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Minaj won her second award of the night for rap/hip-hop artist -- making her and Bieber the only artists to pick up two trophies. "Thank you so much for voting your little fingers off," she said, thanking her label bosses watching at home. "Shout-out to loyalty."

In perhaps the night's most acrobatic performance, Pink delivered a conceptual take on "Try" with ballet-inspired choreography that found her facing off in a war-of-the-sexes with a male dancer. The music-packed night saw everyone from Linkin Park to Carrie Underwood bring new songs to the stage, with Minaj debuting her "Freedom" single. In a Lotus medley, Christina Aguilera brought a positive message to her disco-inspired performance as leather-clad dancers roamed the stage.

In contrast to the night's more explosive performances, Bieber was joined by a guitarist for an acoustic version of "As Long As You Love Me" -- the only heat his red pants and sneakers and his rap game, as he rhymed absent guest Big Sean's verse. But he offered a full-scale set-up for "Beauty and the Beat," leading a pack of dancers through hip-hop moves. Minaj, trading in her blonde wig for a black one, stepped out from a mock speaker to deliver her guest verse.

Bieber was presented by Jepsen, who won the coveted new artist of the year award -- and hugs from the reunited Backstreet Boys, who presented her with the trophy.

"Oh my goodness, thank you so much! to the fans, I am floored, thank you!" she said with on-stage enthusiasm worthy of vintage Swift. "Scooter Braun, Justin Bieber -- my family, my friends, my boyfriend. Thank you so, so, so, so much -- wow!"

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Underwood picked up her seventh overall AMA and fourth in the country album category and also thanked her romantic partner. "I couldn't love my life anymore than I do right now. Baby, I love you so much," looking into the crowd for husband Mike Fisher.

In a serious moment in the exuberant night, Brandy remembered the late Houston with a montage of her AMA acceptance speeches and performances. And Dick Clark, the AMA's late founder, was recalled by Ryan Seacrest, who joined the broadcaster on his New Year's Rockin' Eve in his later years. Clark, 82, died of a heart attack earlier this year. According to Seacrest, his vision for the AMAs was simple but ambitious: "Bring the top artists on the planet together on an equal stage, and then let the music speak for itself." As images form Clark's career and life played across the stage's massive screens, Stevie Wonder paid him tribute with a trio of songs including "My Cherie Amour" and "Sir Duke" as Clark's widow, Karen, watched from the audience.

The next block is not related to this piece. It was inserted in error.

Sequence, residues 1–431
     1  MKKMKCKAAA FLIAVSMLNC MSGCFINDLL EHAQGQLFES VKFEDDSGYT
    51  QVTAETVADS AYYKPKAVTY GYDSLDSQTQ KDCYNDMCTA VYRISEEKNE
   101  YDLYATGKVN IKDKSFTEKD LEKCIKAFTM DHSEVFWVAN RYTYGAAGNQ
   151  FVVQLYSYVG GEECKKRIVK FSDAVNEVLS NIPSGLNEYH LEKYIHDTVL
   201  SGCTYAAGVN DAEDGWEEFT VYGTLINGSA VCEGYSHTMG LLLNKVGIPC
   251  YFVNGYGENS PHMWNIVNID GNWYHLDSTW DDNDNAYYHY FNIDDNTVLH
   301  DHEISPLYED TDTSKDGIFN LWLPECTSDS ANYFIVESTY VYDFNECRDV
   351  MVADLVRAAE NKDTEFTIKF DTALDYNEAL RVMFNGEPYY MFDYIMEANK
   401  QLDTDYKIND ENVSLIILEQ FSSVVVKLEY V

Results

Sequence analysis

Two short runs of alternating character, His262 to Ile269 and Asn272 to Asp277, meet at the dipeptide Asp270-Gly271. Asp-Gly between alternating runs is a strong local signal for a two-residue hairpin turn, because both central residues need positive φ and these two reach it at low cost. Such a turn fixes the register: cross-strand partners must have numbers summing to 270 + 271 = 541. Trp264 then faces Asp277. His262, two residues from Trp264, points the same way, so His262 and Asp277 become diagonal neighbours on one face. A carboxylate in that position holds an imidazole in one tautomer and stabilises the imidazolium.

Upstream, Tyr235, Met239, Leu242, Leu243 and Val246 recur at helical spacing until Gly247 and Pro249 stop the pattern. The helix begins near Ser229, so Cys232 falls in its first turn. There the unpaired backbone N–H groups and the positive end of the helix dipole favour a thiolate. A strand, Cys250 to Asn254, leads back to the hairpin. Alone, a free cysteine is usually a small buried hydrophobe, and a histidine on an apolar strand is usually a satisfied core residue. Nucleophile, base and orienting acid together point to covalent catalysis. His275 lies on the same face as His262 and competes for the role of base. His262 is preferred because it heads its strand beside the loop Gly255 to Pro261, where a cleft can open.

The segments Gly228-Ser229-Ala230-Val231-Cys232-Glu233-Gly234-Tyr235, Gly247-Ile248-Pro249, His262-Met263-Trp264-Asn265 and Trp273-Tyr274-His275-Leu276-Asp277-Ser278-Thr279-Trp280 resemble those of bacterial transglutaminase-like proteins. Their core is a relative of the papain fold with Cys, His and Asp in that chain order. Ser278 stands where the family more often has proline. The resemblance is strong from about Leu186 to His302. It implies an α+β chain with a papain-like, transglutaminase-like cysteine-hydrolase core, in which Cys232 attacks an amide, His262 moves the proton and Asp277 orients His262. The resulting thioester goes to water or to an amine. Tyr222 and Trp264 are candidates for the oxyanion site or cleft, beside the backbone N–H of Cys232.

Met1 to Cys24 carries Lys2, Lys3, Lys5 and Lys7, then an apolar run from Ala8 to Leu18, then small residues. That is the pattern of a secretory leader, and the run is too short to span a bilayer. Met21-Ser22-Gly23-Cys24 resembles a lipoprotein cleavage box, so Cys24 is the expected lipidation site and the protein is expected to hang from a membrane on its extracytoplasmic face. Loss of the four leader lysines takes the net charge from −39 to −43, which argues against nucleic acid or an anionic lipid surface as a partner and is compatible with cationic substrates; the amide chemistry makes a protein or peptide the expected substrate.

But the show's second half belonged to the energy of the dance floor. The night saw a new category, favorite EDM artist, which presenters Kelly Rowland and Elisha Cuthbert explained to viewers. It "stands for electronic dance music," Cuthbert said, before announcing the award for David Guetta. Guetta was busy touring in Brazil on Sunday night but applauded the AMAs' creation of the category in a video message. "I am so happy, I am so honored," he said.

Pitbull was backed by women in illuminated dresses for his performance of "Don't Stop the Party," which swerved to a previous decade's anthem. "Let's take it back to the '80s!" he urged the crowd -- now equipped with glowsticks -- as he and Aguilera riffed briefly on A-Ha's "Take On Me." The party continued with Chris Brown, Ludacris and Swizz Beatz, who drew dancers out of the crowd for "Every Day Birthday." As rally towels swung around him, a shirtless Brown danced his way through the aisles.

But no performance inspired more motion than Psy's "Gangnam Style," the K-Pop hit that's ruled the Internet in recent months. Among the audience, members of the Wanted and even Jenny McCarthy imitated the song's signature choreography before a surprise dancer hopped onto Psy's stage: MC Hammer. The long-absent rapper brought in his own moves as "Gangnam Style" mashed into his '90s hit "Too Legit to Quit," closing the show as Clark had intended it: with music heard 'round the world.